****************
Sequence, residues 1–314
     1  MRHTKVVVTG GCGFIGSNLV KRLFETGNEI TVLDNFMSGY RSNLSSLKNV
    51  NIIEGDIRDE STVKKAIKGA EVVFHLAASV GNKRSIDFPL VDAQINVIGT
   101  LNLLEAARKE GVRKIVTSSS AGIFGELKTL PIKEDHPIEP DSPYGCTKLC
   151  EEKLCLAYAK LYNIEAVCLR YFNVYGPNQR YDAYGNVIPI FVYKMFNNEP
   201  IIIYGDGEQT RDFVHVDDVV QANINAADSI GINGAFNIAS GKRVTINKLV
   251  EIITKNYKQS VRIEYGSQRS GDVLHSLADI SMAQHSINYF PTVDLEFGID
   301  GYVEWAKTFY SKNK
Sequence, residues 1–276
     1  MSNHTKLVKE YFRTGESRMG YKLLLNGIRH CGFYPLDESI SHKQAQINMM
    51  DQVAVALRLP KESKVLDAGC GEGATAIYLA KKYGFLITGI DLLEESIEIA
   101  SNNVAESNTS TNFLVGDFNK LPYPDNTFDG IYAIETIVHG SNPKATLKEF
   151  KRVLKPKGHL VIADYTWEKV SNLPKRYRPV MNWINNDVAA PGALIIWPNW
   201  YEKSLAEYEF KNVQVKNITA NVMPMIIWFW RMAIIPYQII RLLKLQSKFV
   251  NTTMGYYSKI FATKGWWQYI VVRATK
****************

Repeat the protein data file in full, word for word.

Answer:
Sequence, residues 1–314
     1  MRHTKVVVTG GCGFIGSNLV KRLFETGNEI TVLDNFMSGY RSNLSSLKNV
    51  NIIEGDIRDE STVKKAIKGA EVVFHLAASV GNKRSIDFPL VDAQINVIGT
   101  LNLLEAARKE GVRKIVTSSS AGIFGELKTL PIKEDHPIEP DSPYGCTKLC
   151  EEKLCLAYAK LYNIEAVCLR YFNVYGPNQR YDAYGNVIPI FVYKMFNNEP
   201  IIIYGDGEQT RDFVHVDDVV QANINAADSI GINGAFNIAS GKRVTINKLV
   251  EIITKNYKQS VRIEYGSQRS GDVLHSLADI SMAQHSINYF PTVDLEFGID
   301  GYVEWAKTFY SKNK
Sequence, residues 1–276
     1  MSNHTKLVKE YFRTGESRMG YKLLLNGIRH CGFYPLDESI SHKQAQINMM
    51  DQVAVALRLP KESKVLDAGC GEGATAIYLA KKYGFLITGI DLLEESIEIA
   101  SNNVAESNTS TNFLVGDFNK LPYPDNTFDG IYAIETIVHG SNPKATLKEF
   151  KRVLKPKGHL VIADYTWEKV SNLPKRYRPV MNWINNDVAA PGALIIWPNW
   201  YEKSLAEYEF KNVQVKNITA NVMPMIIWFW RMAIIPYQII RLLKLQSKFV
   251  NTTMGYYSKI FATKGWWQYI VVRATK